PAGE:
We pray a Hail Mary on each bead of a decade as we reflect on a particular mystery in the lives of Jesus and Mary. Pray the Glory Be to the Father at the end of each decade. We end by holding the medal and praying the Hail, Holy Queen and then holding the crucifix as we pray the Sign of the Cross.
It has been said that we human beings are not physical beings in search of a spiritual experience but rather spiritual beings having a physical experience. Catholicism does not seek to escape worldly realities but rather embraces the world that God saw fit to inhabit through his Son, Jesus. Sacramentals are simply worldly objects that remind us of God’s presence all around us. When we Catholics look around at this world, we see God’s fingerprints everywhere!
Practical suggestions for practicing the use of sacramentals:
- Place a crucifix and a Bible in a prominent location in your home.
- Keep a reminder of your Catholic faith in your workspace and be prepared to explain its significance to those who inquire.
- Carry with you or wear a symbol of your Catholic faith: a medal, a cross, a pin, a scapular, etc. A scapular is made up of two small square or rectangular pieces of cloth, each bearing a religious image, and connected by a string. When placed around one’s neck, one square/rectangle rests on the chest and the other on the back. The most popular scapular is the brown scapular of Our Lady of Mount Carmel.
- Look at all of God’s creation as sacramental. Remind yourself to look for God’s presence in nature and especially in other people.
- Ask yourself at the end of the day where you recognized God’s presence.
- Sign yourself with the Sign of the Cross at various moments of your day: as you awake, before and after meals, at bedtime.
- Pray the Rosary, knowing that the fingering of the beads is a concrete way of meditating on the events in the lives of Jesus and Mary.
- When praying the Rosary, focus on the Mysteries that are “assigned” for each day: the Joyful Mysteries (Mondays and Saturdays); the Luminous Mysteries (Thursdays), the Sorrowful Mysteries (Tuesdays and Fridays); and the Glorious Mysteries (Wednesdays and Sundays).
- Consider placing in your home a small statue or figurine of a favorite saint whose intercession you seek.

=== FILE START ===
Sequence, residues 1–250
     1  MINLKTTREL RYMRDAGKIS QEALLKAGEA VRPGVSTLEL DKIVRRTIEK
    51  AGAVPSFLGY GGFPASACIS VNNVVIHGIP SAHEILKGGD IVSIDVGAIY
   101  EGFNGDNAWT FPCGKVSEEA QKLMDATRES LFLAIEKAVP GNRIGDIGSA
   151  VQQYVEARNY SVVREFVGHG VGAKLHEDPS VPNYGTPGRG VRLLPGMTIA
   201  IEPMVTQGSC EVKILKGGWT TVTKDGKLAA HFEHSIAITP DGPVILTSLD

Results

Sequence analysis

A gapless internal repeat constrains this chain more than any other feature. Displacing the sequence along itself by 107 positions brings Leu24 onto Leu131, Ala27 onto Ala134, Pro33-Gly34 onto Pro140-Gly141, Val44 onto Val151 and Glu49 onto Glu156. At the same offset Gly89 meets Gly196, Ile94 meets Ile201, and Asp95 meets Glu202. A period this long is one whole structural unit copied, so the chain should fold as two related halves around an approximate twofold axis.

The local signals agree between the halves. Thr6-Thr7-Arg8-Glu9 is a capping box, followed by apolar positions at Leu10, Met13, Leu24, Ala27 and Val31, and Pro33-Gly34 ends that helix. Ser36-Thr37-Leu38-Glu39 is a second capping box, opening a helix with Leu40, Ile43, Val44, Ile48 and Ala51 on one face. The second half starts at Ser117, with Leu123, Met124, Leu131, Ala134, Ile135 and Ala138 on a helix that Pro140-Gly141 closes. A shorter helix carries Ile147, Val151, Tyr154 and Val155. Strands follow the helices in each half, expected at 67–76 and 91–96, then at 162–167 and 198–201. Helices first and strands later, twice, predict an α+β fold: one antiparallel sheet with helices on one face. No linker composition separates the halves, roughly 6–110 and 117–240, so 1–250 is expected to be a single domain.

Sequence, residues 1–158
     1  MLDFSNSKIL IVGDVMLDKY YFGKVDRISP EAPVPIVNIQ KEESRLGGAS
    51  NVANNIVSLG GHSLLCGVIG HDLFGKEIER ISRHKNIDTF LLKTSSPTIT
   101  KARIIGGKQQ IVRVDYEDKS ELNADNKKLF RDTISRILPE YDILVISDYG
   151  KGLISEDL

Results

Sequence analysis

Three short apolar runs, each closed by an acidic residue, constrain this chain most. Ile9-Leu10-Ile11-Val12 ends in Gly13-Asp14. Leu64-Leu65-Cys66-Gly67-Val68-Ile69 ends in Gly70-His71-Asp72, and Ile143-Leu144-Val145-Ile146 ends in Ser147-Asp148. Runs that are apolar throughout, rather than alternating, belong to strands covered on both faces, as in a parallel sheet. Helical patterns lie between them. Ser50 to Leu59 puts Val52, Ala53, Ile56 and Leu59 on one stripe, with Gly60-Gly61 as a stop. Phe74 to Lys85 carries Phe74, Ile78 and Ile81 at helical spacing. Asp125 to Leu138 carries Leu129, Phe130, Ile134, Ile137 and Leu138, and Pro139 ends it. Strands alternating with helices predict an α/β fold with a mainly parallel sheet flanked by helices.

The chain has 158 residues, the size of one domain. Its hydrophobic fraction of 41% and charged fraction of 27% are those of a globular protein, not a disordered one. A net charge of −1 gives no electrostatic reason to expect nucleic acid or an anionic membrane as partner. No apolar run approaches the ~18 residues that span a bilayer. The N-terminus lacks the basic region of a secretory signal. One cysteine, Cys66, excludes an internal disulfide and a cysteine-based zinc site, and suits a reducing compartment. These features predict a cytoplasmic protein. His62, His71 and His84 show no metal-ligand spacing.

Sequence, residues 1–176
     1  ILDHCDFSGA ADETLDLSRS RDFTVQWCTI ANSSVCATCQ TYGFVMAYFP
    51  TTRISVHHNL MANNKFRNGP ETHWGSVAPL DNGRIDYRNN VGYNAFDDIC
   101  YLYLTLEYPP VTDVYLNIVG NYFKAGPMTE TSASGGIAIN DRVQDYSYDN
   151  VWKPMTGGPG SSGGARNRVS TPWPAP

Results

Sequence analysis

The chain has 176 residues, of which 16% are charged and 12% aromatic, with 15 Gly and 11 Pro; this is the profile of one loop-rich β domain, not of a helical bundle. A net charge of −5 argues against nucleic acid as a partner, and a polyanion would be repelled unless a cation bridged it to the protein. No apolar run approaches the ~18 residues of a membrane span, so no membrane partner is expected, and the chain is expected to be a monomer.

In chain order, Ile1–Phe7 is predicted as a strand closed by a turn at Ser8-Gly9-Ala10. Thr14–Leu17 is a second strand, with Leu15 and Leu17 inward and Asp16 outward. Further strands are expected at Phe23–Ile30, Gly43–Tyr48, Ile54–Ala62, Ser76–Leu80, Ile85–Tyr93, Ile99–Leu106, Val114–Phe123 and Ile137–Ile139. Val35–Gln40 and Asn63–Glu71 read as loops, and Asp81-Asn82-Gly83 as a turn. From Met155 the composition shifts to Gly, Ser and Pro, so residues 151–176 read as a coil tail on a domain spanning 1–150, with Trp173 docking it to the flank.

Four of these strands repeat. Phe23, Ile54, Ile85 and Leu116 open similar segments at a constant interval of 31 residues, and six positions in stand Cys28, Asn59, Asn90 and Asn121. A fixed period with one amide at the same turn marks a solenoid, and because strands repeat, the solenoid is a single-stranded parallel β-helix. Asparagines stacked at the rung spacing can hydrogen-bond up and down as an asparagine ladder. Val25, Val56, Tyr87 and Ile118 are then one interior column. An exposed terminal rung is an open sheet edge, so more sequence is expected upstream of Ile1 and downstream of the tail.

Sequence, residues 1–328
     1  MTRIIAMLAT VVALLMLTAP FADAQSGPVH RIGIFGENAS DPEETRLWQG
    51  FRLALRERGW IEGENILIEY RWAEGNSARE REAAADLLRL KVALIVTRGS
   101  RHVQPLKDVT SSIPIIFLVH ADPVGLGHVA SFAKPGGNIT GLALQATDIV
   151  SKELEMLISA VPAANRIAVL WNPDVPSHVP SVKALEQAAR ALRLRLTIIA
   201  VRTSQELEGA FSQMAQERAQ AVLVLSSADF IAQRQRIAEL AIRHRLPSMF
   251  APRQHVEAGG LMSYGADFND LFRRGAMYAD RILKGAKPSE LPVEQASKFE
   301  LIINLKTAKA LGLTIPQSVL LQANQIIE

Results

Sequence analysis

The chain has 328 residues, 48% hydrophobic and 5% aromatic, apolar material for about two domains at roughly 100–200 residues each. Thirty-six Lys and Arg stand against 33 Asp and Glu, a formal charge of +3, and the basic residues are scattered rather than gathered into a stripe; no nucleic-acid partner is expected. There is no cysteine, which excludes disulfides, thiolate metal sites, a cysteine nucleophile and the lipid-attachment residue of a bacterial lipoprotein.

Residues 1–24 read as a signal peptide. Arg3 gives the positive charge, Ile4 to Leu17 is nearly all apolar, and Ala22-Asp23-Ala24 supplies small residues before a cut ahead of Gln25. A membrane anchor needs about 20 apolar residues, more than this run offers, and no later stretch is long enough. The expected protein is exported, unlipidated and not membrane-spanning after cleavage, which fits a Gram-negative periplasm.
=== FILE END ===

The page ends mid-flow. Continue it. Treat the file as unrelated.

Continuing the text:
- Bring palms home on Palm Sunday and place them in various locations in your home, behind a crucifix or an icon, or on the rear dashboard of your car, and keep them there year-round.
- Keep a small bottle of holy water in your home to bless people and objects.
Moses was keeping the flock of his father-in-law Jethro, the priest of Midian; he led his flock beyond the wilderness, and came to Horeb, the mountain of God. There the angel of the Lord appeared to him in a flame of fire out of a bush; he looked, and the bush was blazing, yet it was not consumed. Then Moses said, “I must turn aside and look at this great sight, and see why the bush is not burned up.” When the Lord saw that he has turned aside to see, God called to him out of the bush, “Moses, Moses!” And he said, “Here I am.” (Exodus 3:1–4)
Good and gracious God, you made your presence known to Moses through a burning bush. Help me recognize your presence all around me through the ordinary and extraordinary objects of your creation. May these sacramentals be visible reminders of your invisible yet loving presence.
To share and learn more in a spiritual mentoring relationship about the Catholic practice of using sacramentals, visit www.loyolapress.com/practice-makes-catholic.
Table of Contents
All It Takes Is a Little Practice xi
Part One—A Sense of Sacramentality
Practice 1 Use Sacramentals 3
Practice 2 Mark Time the Catholic Way 13
Practice 3 Fast and Abstain 23
Practice 4 Speak the Language of Mystery 33
Practice 5 Pray Sacramentally 43
Part Two—A Commitment to Community
Practice 6 Be a Good Steward 55
Practice 7 Share the Gifts of the Holy Spirit 65
Practice 8 Pray with the Whole Church 73
Practice 9 Welcome One Another 81
Part Three—A Respect for Human Life
Practice 10 Show Mercy 89
Practice 11 Do Justice and Live Virtuously 97
Practice 12 Work for the Common Good 107
Practice 13 Keep the Ten Commandments 117
Part Four—A Reverence for Scripture and Tradition
Practice 14 Make a Pilgrimage 129
Practice 15 Befriend the Saints 137
Practice 16 Study Scripture, Tradition, and Catholic Literature 145
Practice 17 Learn Traditional Prayers 155
Part Five—An Attitude of Faith and Hope
Practice 18 Adjust Your Attitude 165
Practice 19 Comfort One Another 173
Practice 20 Keep a Song in Your Heart 183
Practice 21 Make a Retreat 193
Let’s Practice 201